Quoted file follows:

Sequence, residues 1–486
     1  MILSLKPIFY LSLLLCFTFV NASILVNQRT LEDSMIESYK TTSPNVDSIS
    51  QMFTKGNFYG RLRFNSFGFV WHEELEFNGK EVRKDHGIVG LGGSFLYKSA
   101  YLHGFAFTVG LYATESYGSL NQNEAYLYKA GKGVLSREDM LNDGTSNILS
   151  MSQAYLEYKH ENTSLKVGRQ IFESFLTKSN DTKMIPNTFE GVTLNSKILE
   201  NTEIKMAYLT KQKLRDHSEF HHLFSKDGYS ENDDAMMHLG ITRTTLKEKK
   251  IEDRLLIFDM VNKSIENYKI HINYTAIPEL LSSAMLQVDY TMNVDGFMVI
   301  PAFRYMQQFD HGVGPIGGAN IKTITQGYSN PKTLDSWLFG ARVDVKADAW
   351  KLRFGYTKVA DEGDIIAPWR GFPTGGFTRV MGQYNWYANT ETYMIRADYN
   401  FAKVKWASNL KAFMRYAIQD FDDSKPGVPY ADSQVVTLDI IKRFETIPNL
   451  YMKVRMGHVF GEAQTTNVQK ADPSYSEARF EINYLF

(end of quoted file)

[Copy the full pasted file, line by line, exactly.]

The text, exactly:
Sequence, residues 1–486
     1  MILSLKPIFY LSLLLCFTFV NASILVNQRT LEDSMIESYK TTSPNVDSIS
    51  QMFTKGNFYG RLRFNSFGFV WHEELEFNGK EVRKDHGIVG LGGSFLYKSA
   101  YLHGFAFTVG LYATESYGSL NQNEAYLYKA GKGVLSREDM LNDGTSNILS
   151  MSQAYLEYKH ENTSLKVGRQ IFESFLTKSN DTKMIPNTFE GVTLNSKILE
   201  NTEIKMAYLT KQKLRDHSEF HHLFSKDGYS ENDDAMMHLG ITRTTLKEKK
   251  IEDRLLIFDM VNKSIENYKI HINYTAIPEL LSSAMLQVDY TMNVDGFMVI
   301  PAFRYMQQFD HGVGPIGGAN IKTITQGYSN PKTLDSWLFG ARVDVKADAW
   351  KLRFGYTKVA DEGDIIAPWR GFPTGGFTRV MGQYNWYANT ETYMIRADYN
   401  FAKVKWASNL KAFMRYAIQD FDDSKPGVPY ADSQVVTLDI IKRFETIPNL
   451  YMKVRMGHVF GEAQTTNVQK ADPSYSEARF EINYLF